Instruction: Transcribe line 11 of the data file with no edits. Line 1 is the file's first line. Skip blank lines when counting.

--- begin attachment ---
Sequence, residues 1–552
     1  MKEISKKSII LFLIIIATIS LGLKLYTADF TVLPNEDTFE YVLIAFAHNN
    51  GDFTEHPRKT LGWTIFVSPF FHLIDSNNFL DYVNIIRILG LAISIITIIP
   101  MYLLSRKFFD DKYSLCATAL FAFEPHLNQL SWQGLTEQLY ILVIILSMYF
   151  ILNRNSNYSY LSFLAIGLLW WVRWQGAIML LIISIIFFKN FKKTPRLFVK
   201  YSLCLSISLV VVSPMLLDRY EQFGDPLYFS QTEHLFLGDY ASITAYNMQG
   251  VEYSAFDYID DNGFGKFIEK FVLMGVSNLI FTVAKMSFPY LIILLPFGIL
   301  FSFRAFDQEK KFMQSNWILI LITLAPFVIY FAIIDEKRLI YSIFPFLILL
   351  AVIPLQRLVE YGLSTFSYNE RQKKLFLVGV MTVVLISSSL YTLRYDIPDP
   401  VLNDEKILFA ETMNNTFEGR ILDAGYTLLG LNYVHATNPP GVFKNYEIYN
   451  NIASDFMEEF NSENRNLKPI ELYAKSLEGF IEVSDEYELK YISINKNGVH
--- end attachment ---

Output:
   451  NIASDFMEEF NSENRNLKPI ELYAKSLEGF IEVSDEYELK YISINKNGVH